General Grant National Memorial
By Anna Lynn Sibal
On one of the highest points of elevation in the City of New York, which is Riverside Park on the Upper West Side of Manhattan, there stands an edifice designed in the eclectic neoclassical style, adorned by Doric columns and a copula, facing southward and overlooking the Hudson River. This edifice is the General Grant National Museum, more popularly known as Grantís Tomb and one of the most visited places of historical value in New York City.
Grantís Tomb is the final resting place of Ulysses Simpson Grant, the 18th President of the United States and a general during the American Civil War. He is joined there by his wife, Julia Dent Grant.
President Grant is considered to be a great figure in the history of the United States. His actions in the American Civil War were deciding factors that turned the tides of victory in favor of the Union. His presidency was marked by the struggles of a nation dealing with the aftermath of civil war. President Grant was also famous and respected outside his homeland, having met with world leaders such as Queen Victoria and Prince Albert of Great Britain and the Emperor Meiji of Japan during his post-presidency world tour. When he died in 1885, after struggling with throat cancer and a bout of bankruptcy after being swindled in a business venture, over a million people were said to have attended his funeral parade in New York City.
President Grant was a resident of Galena, Illinois except for the last four years of his life, which he spent in New York City; why then was New York City chosen to be the site of his mausoleum? The city was chosen for two things. One is as a token of gratefulness by President Grant to the people of New York City for the show of affection and support he and his family had received from them during the trying years of his bankruptcy. The other reason was to allow Mrs. Grant the opportunity to visit her husbandís tomb frequently before joining him there in her own death in 1902.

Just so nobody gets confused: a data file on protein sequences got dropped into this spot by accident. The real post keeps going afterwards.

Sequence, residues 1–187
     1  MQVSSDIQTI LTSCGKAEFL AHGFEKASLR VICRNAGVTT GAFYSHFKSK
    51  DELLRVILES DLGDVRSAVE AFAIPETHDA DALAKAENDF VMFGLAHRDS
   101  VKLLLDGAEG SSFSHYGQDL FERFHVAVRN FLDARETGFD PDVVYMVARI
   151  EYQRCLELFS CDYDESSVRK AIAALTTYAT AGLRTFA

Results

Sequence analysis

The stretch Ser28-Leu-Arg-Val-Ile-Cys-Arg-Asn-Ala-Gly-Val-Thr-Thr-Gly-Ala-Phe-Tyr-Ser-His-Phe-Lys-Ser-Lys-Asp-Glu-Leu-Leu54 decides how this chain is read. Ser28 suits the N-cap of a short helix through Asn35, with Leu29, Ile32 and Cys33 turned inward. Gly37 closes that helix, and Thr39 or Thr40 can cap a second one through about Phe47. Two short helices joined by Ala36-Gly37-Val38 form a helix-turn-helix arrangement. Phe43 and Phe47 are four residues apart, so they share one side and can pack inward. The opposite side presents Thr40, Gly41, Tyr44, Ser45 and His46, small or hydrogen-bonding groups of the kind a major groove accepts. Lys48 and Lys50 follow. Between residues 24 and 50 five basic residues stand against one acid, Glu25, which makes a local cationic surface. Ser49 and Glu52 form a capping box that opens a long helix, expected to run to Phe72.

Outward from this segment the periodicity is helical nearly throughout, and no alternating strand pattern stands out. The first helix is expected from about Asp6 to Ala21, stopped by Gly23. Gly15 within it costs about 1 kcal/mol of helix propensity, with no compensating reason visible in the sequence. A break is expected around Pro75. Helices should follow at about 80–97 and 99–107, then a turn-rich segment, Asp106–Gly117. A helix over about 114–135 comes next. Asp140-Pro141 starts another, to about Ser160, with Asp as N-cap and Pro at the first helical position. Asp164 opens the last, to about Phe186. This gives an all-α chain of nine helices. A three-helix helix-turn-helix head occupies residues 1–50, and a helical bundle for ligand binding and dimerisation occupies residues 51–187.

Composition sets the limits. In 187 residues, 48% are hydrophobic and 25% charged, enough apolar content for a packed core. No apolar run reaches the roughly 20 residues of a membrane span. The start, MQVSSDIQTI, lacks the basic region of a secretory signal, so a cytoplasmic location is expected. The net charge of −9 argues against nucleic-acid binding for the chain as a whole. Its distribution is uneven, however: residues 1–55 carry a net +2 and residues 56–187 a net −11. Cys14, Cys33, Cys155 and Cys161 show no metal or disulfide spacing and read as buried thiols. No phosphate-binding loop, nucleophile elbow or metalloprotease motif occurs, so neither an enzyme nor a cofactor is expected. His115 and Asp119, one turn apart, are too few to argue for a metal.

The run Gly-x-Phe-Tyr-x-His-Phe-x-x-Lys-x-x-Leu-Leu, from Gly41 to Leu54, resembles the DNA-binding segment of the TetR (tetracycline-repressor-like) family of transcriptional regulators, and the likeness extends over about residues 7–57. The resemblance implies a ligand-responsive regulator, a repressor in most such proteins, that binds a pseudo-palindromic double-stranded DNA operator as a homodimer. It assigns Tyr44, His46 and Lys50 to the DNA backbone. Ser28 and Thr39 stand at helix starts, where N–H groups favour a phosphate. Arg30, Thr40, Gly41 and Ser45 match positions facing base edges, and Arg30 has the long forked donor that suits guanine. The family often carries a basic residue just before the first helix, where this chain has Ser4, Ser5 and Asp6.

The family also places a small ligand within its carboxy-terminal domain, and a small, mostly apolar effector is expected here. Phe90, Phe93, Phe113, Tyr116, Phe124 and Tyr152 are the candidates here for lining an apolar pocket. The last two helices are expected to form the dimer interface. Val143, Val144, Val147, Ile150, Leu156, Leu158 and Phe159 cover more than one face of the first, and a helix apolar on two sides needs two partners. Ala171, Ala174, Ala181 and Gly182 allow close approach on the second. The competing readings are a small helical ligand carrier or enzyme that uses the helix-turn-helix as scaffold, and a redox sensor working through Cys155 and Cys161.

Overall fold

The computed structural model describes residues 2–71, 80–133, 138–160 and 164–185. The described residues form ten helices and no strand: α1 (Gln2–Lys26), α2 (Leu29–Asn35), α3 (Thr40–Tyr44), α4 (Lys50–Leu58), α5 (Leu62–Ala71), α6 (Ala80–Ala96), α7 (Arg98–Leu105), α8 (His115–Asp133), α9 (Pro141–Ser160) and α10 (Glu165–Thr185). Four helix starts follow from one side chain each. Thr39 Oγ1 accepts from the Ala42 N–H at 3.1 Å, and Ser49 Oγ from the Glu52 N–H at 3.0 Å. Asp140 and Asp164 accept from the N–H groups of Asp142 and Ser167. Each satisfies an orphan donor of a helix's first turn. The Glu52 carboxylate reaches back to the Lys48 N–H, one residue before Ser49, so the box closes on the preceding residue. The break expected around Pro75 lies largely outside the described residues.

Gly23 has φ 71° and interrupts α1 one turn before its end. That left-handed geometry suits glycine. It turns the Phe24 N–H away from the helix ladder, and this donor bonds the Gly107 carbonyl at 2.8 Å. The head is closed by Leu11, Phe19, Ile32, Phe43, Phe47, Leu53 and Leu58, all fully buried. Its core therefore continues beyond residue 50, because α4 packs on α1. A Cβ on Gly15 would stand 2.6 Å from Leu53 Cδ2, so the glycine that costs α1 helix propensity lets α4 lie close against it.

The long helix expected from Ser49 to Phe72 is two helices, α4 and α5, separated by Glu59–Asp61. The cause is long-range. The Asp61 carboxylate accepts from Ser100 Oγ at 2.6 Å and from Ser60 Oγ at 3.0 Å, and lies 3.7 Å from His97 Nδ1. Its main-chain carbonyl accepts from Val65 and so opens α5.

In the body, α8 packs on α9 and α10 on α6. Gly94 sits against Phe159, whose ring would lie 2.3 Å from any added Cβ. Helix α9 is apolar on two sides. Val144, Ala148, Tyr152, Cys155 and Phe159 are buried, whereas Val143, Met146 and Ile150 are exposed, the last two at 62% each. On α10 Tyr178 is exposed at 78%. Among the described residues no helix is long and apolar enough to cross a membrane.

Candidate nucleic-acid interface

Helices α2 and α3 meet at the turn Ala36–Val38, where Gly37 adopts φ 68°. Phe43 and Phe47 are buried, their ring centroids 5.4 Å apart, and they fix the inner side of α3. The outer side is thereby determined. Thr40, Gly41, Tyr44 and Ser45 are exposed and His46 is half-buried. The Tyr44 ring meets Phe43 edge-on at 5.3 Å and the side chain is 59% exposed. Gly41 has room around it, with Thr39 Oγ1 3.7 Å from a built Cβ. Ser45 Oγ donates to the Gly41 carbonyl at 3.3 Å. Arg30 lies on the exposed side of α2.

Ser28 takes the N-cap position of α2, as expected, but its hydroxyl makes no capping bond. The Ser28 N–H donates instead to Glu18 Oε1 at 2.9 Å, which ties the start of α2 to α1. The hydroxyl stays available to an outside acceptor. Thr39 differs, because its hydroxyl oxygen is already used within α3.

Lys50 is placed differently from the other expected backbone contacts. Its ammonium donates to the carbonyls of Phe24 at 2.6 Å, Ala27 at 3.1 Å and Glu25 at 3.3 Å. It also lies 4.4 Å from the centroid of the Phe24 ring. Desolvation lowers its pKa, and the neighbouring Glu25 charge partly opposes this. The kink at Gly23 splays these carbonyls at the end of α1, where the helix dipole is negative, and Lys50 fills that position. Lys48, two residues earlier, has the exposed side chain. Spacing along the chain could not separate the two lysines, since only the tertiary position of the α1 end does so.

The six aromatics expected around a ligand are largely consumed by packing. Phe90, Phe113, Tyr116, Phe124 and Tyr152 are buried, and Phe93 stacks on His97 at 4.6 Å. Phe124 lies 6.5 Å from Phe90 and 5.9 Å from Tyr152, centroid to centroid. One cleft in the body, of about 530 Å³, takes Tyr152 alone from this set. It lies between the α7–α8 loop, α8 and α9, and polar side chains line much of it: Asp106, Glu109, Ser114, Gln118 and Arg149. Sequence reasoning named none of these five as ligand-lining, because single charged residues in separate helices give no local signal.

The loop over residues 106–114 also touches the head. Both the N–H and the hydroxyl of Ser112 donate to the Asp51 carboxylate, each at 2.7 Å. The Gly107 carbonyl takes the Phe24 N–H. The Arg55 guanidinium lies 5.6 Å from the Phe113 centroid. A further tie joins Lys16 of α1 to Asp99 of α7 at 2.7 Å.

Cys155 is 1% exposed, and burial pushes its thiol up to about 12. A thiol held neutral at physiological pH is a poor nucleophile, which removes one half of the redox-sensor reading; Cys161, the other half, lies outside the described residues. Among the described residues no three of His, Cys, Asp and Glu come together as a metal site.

The mausoleum of President Grant and his wife is the second largest one of its kind in the western world, the largest one being the final resting place of President James Garfield. The building was designed by John H. Duncan, who took his inspiration from the tomb of Mausolus at Halicarnassus. The construction of the building was made possible through public donations, with US$600,000 collected from various donors in the United States and the world for this very purpose. The building was completed in 1897 and was dedicated by then-President William McKinley in the same year.
What can a visitor look forward to when visiting Grantís Tomb? Aside from viewing the sarcophagus wherein President Grant and his wife were entombed, there are many exhibits celebrating the life and work of President Grant. Occasionally, there are open air concerts held just outside the mausoleum. There are also ranger tours that will guide the visitor around the surrounding Riverview Park.
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